Durham’s Whole-Animal Butcher

From the beginning, it’s been a part of the Co-op’s mission to provide high-quality, nourishing food for our community, and a butcher counter which upholds whole-animal utilization is an important piece of running a robust, values-forward grocery store.

Photo by Becky Sowers

Using the whole animal responsibly fosters conscientious participation in the food system. EPIC Provisions, a favorite meat snack brand at the Co-op, demonstrates how shaping their food production around more whole-animal recipes is the best way to honor the animal, not take resources for granted, and encourage more on-pasture raising for livestock. It’s no secret that poor industry practices and misrepresentative notions have caused our meat consumption to become askew. Mark Essig, North Carolina historian, writes about the pig’s vital role in our culinary heritage and how misguided perceptions throughout history pose an enormous danger to resilient food systems for humans and livestock alike. Thankfully, farmers, butchers, chefs, and everyday eaters are working to reestablish prosperous business around meat, necessitating rigorous production standards, bolstering sales for local farms, and inspiring intentional eating habits through whole-animal butchery.

Pigs feet, a hallmark of whole-animal butchery!

Of course, whole animal butchery isn’t new. Communities worldwide have relied on animals not only for food, but clothing and other livelihood goods as well. But like most resources caught up in capitalistic systems, the meat supply has been subject to the filters of trending desirability and reduced to a limited supply of popular cuts. Whole-animal utilization combats this imbalanced standing. Instead of only selling a few cuts per animal, farmers make an effective profit when butcher shops purchase whole animals, helping create a more economical structure. A food system formed around viable products has better environmental repercussions rather than perpetuating excessive food waste.

Housemade Head Cheese & Porcetta di Testa

Using the whole animal not only reduces waste, less popular menu items such as organs, boast high nutritional value. Sustainable meat producers, like Thousand Hills, a regenerative farm dedicated to raising Lifetime Grazed 100% Grass Fed Beef, details the extensive benefits of beef liver, a superfood (you can find Thousand Hills ground beef at the Co-op!). Plus, it’s delicious. Whole-animal eating simply makes for the most flavor-packed recipes. Ask our butchers! Our housemade head cheese and Porcetta di Testa speak for themselves.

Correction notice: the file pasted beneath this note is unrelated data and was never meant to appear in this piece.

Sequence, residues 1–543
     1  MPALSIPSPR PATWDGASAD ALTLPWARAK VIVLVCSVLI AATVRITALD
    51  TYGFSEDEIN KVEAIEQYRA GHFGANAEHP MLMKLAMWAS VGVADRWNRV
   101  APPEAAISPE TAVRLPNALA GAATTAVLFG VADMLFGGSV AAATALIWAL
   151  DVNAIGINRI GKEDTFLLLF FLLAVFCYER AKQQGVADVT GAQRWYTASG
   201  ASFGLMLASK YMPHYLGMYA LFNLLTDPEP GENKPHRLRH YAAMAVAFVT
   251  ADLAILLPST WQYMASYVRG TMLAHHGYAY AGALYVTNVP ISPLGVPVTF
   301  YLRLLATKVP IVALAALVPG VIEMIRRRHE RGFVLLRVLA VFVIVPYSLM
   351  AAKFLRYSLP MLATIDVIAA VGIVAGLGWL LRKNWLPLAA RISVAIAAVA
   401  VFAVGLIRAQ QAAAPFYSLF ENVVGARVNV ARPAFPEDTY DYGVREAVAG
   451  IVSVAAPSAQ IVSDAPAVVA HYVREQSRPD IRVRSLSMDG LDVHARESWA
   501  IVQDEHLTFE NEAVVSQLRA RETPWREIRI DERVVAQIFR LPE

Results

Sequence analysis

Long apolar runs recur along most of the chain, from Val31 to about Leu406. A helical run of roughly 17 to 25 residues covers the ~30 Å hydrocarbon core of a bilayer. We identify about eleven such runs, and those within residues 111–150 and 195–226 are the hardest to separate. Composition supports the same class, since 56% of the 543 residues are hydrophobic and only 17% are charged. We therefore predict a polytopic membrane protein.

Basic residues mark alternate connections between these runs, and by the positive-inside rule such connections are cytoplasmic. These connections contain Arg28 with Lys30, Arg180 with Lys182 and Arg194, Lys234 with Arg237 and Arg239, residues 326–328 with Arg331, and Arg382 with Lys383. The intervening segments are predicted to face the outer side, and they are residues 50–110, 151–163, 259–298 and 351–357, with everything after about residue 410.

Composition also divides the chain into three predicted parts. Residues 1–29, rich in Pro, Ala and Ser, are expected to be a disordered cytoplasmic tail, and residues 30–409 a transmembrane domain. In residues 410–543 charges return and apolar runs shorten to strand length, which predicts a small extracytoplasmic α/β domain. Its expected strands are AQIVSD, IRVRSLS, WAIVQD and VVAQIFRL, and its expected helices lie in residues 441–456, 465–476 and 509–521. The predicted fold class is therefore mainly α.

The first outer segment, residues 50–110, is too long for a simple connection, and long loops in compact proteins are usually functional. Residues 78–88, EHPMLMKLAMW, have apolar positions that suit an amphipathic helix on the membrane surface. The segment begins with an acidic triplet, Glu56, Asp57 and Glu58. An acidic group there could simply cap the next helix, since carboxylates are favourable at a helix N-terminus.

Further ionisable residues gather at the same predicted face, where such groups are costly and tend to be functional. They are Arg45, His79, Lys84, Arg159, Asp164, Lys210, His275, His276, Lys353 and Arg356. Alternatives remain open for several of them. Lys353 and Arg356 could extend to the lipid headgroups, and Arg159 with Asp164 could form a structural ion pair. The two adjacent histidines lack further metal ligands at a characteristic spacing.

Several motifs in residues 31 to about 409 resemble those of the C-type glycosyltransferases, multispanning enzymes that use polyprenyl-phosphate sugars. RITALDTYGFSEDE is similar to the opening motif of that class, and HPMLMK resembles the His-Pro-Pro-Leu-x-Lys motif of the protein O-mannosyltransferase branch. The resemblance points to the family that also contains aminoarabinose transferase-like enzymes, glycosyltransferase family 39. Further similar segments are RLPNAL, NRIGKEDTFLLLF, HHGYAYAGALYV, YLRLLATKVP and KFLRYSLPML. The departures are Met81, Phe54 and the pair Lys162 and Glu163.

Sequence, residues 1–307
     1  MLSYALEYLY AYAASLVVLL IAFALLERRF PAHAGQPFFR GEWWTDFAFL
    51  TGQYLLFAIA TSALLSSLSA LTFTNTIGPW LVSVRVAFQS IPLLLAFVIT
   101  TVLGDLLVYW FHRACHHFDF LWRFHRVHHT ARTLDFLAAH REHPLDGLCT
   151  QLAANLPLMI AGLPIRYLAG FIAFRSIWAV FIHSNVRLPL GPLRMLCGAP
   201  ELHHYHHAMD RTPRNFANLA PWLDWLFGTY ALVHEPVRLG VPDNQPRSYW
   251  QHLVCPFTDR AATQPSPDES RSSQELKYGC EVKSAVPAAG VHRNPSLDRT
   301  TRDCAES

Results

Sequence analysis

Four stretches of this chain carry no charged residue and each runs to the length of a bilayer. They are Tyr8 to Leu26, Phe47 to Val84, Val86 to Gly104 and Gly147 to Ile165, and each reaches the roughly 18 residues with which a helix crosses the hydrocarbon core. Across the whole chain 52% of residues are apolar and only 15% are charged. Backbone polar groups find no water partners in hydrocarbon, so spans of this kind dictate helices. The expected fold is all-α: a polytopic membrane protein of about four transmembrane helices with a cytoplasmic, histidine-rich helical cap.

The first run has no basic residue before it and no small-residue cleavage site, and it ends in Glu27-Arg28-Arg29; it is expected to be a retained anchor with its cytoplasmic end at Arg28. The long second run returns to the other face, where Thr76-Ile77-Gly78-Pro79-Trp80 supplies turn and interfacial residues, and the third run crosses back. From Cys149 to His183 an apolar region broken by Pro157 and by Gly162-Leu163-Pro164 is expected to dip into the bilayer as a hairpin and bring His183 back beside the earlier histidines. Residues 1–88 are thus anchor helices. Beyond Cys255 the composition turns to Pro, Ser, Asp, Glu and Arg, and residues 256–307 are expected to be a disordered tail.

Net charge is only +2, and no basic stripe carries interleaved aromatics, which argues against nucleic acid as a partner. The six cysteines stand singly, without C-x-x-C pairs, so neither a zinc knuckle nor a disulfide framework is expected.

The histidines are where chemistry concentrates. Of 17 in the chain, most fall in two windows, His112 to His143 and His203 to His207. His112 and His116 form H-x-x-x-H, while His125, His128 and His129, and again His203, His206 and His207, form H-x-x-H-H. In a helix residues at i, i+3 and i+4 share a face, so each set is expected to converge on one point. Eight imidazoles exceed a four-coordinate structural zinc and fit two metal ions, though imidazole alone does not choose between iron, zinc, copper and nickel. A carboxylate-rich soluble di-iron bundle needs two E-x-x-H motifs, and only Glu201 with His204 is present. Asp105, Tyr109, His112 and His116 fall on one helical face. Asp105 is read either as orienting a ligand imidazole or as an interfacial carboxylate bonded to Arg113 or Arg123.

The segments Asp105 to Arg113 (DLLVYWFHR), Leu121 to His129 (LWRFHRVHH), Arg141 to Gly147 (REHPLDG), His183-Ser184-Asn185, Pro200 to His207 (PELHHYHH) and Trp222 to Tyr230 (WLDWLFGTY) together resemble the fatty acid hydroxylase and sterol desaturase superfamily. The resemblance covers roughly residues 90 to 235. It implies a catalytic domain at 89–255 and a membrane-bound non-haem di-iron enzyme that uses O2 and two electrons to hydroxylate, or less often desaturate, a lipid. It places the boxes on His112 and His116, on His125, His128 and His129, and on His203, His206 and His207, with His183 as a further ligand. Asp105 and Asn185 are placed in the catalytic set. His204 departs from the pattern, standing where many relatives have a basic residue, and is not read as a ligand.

Between whole-animal butchers, meat aggregators, and state-level programming, a thriving meat industry continues to develop in NC. Values-forward companies like Firsthand Foods, where we source our animals, connect networks of local farmers with restaurants, butcher shops, and grocery stores around the state, providing greater opportunities for whole-animal sales. Shops help educate customers! The Chop Shop Butchery in Asheville takes part in fostering more transparency within the meat industry and encourages cooking with a broader range of meats. The Center for Environmental Farming Systems oversees initiatives, like NC Choices, which support whole-animal purchasing between local farmers and meat buyers, partnering with local businesses to refine training for workers on better meat consumption.

Whole lamb delivered from Firsthand Foods

These businesses and programs reflect so much of why the Co-op butcher counter has been whole-animal from the beginning. With our commitment to playing a positive role in a better food future, we designed our butcher counter to offer the best meats through sound practices. 

Todd’s Hog Breakdown

Todd walked us through a hog breakdown!

To help illustrate what whole-animal butchery looks like in action and how our values show up in every cut, our butcher staff put together a hog breakdown, complete with cooking tips. Read Todd’s Hog Breakdown HERE, get inspired, and stop by the counter any time to chat with our butchers to learn more.

Sources & More Info

NC Choices Supports Whole Animal Purchasing | Center for Environmental Farming Systems
The Whole Animal Project | Epic Provisions
Is Beef Liver Healthy? | Thousand Hills Lifetime Grazed
Lesser Beasts | Mark Essig
Honoring the Whole Animal | Firsthand Foods
The Chop Shop Butchery